Take the 2-minute tour ×
Stack Overflow is a question and answer site for professional and enthusiast programmers. It's 100% free, no registration required.

I have a WSDL for a Web Service and a Public Key Certificate in the shape of a .cer file.

I need to get SoapUI to encrypt the service request with the public key of the certificate.

How do I do this?

share|improve this question

3 Answers 3

In SoapUI, go to the Preferences dialog, under the File menu. There's a tab/section for SSL. There you can specify the path to the .cer file. I don't have it here in front of me, and I've only done .pfx, but it should work the same. With .pfx, you need to enter the password - not sure if you do that for .cer or not. You can also convert the .cer to .pfx if that works better. But anyway, with a .pfx specified here, I was able to use https connections to our server (Cisco ACE gateway actually) which required "client certificate authentication". It was easy to do in SoapUI, proving that the infrastructure was set up right. Our app, written in Delphi2005, took another 3 weeks... But at least we knew what we were trying to do, and had a way to verify the result.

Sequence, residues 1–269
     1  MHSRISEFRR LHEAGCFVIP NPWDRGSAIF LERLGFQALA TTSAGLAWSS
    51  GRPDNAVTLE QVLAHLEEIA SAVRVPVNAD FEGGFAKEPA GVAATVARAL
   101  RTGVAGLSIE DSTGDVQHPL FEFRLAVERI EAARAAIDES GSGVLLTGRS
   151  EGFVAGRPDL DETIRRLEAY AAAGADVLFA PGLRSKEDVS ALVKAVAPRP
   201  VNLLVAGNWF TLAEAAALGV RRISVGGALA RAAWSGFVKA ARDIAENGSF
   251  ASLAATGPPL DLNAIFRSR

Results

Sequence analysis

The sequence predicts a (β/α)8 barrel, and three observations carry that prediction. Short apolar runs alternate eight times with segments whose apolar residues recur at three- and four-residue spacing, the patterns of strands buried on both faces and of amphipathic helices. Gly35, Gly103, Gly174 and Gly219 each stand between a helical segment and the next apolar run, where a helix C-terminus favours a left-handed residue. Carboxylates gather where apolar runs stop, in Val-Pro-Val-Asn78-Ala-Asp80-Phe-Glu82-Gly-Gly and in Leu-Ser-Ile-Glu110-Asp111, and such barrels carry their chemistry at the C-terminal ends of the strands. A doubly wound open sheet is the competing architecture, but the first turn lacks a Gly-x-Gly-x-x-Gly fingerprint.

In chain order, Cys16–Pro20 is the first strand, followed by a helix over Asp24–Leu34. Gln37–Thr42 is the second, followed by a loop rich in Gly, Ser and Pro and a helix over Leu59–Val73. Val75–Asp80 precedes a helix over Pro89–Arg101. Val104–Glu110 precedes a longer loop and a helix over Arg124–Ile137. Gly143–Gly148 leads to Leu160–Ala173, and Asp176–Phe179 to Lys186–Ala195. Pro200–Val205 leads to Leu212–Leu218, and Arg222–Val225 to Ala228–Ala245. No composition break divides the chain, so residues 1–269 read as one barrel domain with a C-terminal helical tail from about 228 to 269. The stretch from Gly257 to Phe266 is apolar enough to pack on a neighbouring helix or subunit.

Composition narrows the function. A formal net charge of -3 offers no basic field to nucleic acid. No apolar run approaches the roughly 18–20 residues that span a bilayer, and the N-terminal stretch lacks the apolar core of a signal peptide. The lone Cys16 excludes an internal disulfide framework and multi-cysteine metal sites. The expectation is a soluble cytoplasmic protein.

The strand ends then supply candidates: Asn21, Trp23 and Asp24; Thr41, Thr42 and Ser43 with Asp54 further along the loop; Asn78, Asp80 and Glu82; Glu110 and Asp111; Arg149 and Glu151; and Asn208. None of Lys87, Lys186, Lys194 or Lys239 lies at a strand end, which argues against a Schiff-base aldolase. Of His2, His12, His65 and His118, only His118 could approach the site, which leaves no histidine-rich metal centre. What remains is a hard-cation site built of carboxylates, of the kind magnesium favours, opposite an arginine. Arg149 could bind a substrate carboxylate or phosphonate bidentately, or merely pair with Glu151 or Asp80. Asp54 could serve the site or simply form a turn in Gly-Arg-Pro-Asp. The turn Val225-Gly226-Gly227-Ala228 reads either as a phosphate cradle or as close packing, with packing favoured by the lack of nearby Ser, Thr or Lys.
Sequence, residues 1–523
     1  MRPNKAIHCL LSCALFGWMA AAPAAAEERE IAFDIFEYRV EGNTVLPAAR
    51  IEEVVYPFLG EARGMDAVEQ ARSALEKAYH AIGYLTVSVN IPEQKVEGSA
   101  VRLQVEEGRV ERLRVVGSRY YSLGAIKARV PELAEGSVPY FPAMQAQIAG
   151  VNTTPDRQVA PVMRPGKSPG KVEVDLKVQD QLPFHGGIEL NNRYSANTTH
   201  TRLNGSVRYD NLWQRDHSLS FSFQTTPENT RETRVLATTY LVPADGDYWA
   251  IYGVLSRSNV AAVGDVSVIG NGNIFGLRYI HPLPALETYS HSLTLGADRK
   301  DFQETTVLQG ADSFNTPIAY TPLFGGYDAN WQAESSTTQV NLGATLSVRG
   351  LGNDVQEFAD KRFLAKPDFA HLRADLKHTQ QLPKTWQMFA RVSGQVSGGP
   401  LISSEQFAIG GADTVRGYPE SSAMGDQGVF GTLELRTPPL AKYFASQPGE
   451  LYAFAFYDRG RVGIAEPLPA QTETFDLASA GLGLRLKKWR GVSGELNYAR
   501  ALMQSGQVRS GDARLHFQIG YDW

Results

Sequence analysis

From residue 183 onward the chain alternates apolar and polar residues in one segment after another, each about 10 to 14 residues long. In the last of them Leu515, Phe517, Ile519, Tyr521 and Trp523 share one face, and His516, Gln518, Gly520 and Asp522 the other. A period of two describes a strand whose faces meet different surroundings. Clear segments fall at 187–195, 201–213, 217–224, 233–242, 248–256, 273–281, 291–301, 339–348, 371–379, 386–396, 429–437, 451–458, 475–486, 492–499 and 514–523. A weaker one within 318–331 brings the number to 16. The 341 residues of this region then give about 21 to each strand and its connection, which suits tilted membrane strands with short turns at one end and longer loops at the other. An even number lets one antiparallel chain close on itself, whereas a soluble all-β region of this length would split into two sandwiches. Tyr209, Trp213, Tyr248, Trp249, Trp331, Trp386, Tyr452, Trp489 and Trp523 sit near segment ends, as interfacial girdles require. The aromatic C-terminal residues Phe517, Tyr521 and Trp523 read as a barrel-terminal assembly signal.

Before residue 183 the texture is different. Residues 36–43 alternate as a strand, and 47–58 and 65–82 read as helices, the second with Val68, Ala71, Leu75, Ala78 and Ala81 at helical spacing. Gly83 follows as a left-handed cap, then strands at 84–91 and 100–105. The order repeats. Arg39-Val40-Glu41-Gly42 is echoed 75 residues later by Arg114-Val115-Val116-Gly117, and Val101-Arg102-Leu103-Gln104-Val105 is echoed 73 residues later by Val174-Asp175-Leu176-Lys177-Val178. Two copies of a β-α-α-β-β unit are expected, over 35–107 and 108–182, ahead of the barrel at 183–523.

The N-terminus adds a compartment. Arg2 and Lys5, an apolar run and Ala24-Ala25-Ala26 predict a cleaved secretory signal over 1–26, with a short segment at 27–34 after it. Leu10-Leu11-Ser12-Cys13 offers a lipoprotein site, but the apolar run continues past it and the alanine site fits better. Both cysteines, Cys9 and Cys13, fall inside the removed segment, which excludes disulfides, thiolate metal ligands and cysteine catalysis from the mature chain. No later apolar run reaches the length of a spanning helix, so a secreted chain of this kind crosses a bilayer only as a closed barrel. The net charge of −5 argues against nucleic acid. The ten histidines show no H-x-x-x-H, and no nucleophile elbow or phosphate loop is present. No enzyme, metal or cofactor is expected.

share|improve this answer

In Preferences fill in the path to your certificate in the KeyStore field and the password underneath. I use a p12 certificate and it seems to be working fine.

share|improve this answer

If you can use WCF, just add security to the binding, and the following behavior:

<behaviors>
  <behavior>
   <clientCredentials>
     <clientCertificate findValue= "101010101010101010101010101010000000000" 
      storeLocation="LocalMachine" storeName="The logic storage" 
      X509FindType="The cert name"/>
     </clientCertificate>
   </clientCredentials>
 </behavior>
</behaviors>  

More info about how to enable security in WCF, see: MSDN

share|improve this answer
    
The OP did not specify a windows environment. Is the XML above part of SoapUI? –  Synesso Sep 8 '10 at 1:53

Your Answer

 
discard

By posting your answer, you agree to the privacy policy and terms of service.

Not the answer you're looking for? Browse other questions tagged or ask your own question.